WEstern Adventures: The Road to Mesa Falls

June 6th, 2022:

After a jam packed four hours in Grand Teton, I drove through the heart of downtown Jackson Hole, stopping briefly for gas before I headed up the death defying Jackson Pass.

Jackson Hole is a funky and quirky town. While not my favorite of the gateway regions into Yellowstone Country – it is a fun place to explore for an afternoon – or use as a basecamp into the Tetons. Jackson is notorious for celebrities but at its heart it is a tourist town with a double dose of honky tonky and mountain flair. Discover more about Jackson here.

I remember the first time I went across the Teton Pass, my mom and I were on a road trip – I was only seventeen and about to enter college at MSU. My mom drove thes pass down like a pro, but later told me she was scared to death.

After living in the mountains I’ve grown to love mountain switchbacks and passes, but had to admit I was a little nervous tackling the Jackson Hole Pass. It has a 10% grade and switches and turns with more esses than the Snake River. The views are literally breathtaking.

Stock photo…

The drive from Jackson Hole, WY to Driggs, ID took around forty five minutes.

Driggs and Victor are two Teton gateway towns that are ideal for a more laid back entrance into the Tetons.

Driggs is an all year tourist area with neighbor Grand Targhee Ski Resort.

Both towns feature great food and live music opportunities.

For many years I’ve wanted to explore a scenic backroad on the western edge of Yellowstone and Teton country – Mesa Falls. The towering falls are some of the largest in the west and thundering through a rugged canyon.

Perhaps I’m overly ambitious but decided to reach my next destination of Montana’s Gallatin Canyon by driving across the Jackson Pass through Idahos rural backroads to West Yellowstone MT and up the Gallatin Canyon.

This scenic drive, though long and winding was worth the detour.


Across the Jackson Hole Pass, the topography flatens out into endless plains (filled with wheat and potatoes), this is juxtaposed by the towering Tetons to the east. It was this view of the Tetons where French trappers first witnessed the ‘Tetons’ as breasts coming out of the ground rising into the sky.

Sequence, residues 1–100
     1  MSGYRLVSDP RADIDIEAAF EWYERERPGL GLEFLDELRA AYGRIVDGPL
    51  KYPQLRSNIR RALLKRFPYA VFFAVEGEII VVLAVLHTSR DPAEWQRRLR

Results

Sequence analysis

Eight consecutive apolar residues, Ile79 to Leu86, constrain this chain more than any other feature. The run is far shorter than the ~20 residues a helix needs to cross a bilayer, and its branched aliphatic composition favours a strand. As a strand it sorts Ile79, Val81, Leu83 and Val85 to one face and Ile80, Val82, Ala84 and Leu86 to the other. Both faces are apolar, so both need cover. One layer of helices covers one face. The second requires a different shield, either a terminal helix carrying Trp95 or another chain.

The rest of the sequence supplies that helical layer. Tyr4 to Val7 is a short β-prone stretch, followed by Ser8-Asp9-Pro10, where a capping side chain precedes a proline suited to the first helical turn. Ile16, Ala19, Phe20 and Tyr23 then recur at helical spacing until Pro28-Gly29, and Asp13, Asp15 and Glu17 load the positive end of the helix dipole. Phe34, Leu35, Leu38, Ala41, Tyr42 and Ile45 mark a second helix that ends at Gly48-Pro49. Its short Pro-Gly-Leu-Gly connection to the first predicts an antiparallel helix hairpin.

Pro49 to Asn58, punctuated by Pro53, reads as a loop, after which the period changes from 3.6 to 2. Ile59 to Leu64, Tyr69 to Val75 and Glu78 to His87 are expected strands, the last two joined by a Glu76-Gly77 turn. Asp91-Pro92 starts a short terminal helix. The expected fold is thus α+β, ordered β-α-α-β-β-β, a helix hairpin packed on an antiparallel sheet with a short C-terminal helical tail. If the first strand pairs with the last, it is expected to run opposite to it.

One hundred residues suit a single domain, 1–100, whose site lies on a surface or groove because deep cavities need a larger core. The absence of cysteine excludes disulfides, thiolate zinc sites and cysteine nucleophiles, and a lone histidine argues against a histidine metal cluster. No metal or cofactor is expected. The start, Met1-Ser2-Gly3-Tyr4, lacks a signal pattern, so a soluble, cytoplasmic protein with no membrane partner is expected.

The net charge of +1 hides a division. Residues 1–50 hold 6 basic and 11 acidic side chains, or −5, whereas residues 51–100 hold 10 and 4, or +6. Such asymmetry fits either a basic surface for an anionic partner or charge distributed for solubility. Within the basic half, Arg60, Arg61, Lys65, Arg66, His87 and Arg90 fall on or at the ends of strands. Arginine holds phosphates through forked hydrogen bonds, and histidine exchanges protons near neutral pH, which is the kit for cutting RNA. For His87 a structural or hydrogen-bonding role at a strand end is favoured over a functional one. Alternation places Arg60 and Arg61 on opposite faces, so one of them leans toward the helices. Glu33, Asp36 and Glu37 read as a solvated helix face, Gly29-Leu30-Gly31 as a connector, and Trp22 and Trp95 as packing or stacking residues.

GPS and God were my guides as I hit every bend and break in the road in search of Mesa Falls.

The ambling farmland against the piercing blue sky set my mind at ease and I let my thoughts wander. A heart needs a wide open adventure from time to time to set itself free – to explore, to pause, to rekindle the wonder…and refill on hope for a brighter tomorrow.

From Ashton Idaho, I ventured down the Mesa Falls Scenic Byway, arriving at the falls just after five p.m. The Upper and Lower Mesa Falls are the last prominent waterfalls on the Snake River unaffected by manmade influences.

I arrived at the Lower Mesa Falls just after five p.m. From the panoramic vista you can see the lower drop of Mesa Falls in the distance. It drops 65 feet down the canyon below.

Even across the chasm I could hear the thundering roar of the waterfall.

I drove a few miles north to the entrance to the easily accessible Upper Mesa Falls. The NFS charges a cash parking fee (free with NPS pass). A historic inn has been converted to a visitor center/ranger station and gift shop.

The power of the Henry’s Fork of the Snake River pummeling down into the canyon below is amazing. This waterfall is worth a ninety-minute detour from West Yellowstone/Gallatin Canyon.

For more information about Mesa Falls:

Visti Idaho

Island Park area

Not far from Mesa Falls – you will discover more enchantment in the sleepy and scenic town of Island Park – where a ‘road runs through it’…this campy and historic fishing village is only twenty-two miles from West Yellowstone, MT and the western entrance to Yellowstone. Macks Inn is a favorite…

For more scenery in the greater Mesa Falls area check out:

Harriman State Park

Henry’s Fork State Park

After a jam packed day from Bison and thermal springs to the Tetons soaring to meet the sun and stampeding waterfalls, I enjoyed the remainder of the scenic drive from Island Park to West Yellowstone up into the Gallatin Canyon.

I’ll blog about The Gallatin Canyon soon (it is my favorite spot in the world)

I ended up at my hotel just after 8 p.m.

Starving for a hot meal and cool libation – I pulled into the nearby Buck T-4 steakhouse.

Montana is cattle country and Buck T-4s steaks are legendary. I treated myself to a glass of wine, prime rib and loaded baked potato…

I then fell into a good nights sleep at the wonderful Whitewater Inn in the Gallatin Canyon (near Big Sky)

Tomorrow more adventures in YNP and beyond…

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